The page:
Fracking and Farming Don’t Mix
By Katherine Boehrer
We already know that fracking threatens human health, the environment, and our communities. But it could also have a negative impact our food system and the farmers who work to feed our nation.
Spills of toxic fracking chemicals can contaminate groundwater and cropland. These leaks could be harmful to livestock as well – last September StateImpact’s Susan Philips reported on a case in Pennsylvania in which 28 beef cattle encountered fracking fluid that seeped out of a holding pond. Those cows gave birth to 11 calves the following spring, but shockingly, only three calves survived. Across the country livestock exposed to toxic fracking chemicals have been killed or sickened.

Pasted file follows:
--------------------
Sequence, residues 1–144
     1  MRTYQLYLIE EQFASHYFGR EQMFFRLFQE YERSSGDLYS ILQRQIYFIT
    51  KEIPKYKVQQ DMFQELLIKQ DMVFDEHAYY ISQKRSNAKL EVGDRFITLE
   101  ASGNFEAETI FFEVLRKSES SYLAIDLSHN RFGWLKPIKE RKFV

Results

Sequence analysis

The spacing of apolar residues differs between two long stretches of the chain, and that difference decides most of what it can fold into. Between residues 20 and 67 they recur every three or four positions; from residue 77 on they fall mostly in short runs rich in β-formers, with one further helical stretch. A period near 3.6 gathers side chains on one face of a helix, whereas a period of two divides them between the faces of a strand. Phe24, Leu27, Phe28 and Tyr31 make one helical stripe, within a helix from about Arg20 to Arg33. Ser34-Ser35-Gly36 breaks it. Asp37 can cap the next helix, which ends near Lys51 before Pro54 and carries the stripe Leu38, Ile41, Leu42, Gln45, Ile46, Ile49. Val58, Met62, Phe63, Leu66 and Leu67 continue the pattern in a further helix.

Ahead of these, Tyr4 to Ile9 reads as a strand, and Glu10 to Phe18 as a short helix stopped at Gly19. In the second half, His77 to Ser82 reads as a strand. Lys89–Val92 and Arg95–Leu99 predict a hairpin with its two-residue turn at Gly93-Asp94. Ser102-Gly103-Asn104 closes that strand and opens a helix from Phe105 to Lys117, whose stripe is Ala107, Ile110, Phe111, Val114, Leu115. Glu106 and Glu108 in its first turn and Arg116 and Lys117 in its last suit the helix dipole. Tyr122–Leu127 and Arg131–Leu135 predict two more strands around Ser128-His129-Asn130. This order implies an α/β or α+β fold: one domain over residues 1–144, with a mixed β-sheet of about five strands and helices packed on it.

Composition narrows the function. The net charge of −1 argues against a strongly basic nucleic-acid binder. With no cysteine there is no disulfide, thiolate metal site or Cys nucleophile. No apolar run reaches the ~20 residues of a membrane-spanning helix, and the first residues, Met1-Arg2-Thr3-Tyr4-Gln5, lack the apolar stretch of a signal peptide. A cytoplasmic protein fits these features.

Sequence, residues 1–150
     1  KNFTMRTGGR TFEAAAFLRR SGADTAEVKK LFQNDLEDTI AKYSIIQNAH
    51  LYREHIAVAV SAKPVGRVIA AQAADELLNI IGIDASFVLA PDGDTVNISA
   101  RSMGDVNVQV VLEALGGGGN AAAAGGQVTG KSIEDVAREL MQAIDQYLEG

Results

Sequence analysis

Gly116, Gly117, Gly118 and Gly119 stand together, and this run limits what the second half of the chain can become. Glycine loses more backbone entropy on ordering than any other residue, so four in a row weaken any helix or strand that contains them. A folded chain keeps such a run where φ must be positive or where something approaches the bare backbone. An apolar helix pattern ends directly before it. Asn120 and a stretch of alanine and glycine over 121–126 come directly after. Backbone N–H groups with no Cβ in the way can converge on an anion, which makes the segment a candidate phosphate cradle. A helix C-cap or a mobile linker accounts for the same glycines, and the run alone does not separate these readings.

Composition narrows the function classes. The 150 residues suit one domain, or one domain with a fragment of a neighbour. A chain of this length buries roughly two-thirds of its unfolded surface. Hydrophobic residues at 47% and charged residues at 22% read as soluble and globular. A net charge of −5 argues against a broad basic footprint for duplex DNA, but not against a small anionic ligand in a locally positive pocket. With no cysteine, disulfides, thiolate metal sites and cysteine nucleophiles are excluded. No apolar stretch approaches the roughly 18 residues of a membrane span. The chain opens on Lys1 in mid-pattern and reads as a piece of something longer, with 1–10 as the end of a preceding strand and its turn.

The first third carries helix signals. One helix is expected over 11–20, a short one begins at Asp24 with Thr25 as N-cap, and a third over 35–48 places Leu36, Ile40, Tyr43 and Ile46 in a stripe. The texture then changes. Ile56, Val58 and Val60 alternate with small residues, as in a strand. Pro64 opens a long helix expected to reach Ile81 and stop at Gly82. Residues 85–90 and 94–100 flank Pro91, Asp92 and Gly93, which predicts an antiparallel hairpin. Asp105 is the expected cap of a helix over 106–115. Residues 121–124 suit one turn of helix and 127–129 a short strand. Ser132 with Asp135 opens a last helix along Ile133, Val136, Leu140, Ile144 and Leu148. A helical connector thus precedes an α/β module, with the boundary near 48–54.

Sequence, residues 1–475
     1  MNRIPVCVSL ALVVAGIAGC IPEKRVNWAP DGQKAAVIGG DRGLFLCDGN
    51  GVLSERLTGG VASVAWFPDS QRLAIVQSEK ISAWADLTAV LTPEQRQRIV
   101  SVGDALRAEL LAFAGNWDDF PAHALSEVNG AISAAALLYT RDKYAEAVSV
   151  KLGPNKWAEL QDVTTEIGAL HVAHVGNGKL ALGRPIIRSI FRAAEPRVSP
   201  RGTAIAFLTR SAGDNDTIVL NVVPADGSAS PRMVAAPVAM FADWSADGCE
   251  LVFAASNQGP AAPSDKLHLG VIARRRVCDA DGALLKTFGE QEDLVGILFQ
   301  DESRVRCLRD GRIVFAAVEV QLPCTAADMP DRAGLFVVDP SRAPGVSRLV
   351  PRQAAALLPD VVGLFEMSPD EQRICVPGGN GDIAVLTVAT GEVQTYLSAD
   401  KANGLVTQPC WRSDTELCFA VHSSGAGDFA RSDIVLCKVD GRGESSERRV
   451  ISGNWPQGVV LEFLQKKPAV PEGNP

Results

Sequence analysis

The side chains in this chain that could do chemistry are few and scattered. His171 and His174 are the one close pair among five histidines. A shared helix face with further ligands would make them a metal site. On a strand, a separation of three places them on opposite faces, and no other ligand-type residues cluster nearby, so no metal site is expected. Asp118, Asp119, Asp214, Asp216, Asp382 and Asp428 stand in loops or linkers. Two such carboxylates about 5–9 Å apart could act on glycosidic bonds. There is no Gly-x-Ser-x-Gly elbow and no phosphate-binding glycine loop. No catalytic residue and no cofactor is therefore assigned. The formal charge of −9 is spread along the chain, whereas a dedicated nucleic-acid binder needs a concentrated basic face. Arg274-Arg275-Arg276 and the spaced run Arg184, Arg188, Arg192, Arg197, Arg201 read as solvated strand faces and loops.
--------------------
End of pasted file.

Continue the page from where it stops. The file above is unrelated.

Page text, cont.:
On top of direct losses, areas that frack could see a lack of consumer confidence in the safety of their food, as news of contamination spreads. They could also see an increase in competition for water from oil and gas companies, as fracking requires millions of gallons of water per well.
Unfortunately, fracking occurs most commonly in rural areas where farmers, faced with tough economic times, have leased their land to oil and gas companies. But these very farmers are also the ones who could bear the burden of lost productivity and devalued property. Yet another reason why the work we are doing to Ban Fracking Now is so important. Learn more about how fracking affects our food system by reading our issue brief, Fracking and the Food System.
Katherine Boehrer is a Food & Water Watch summer communications intern and a junior at Cornell University.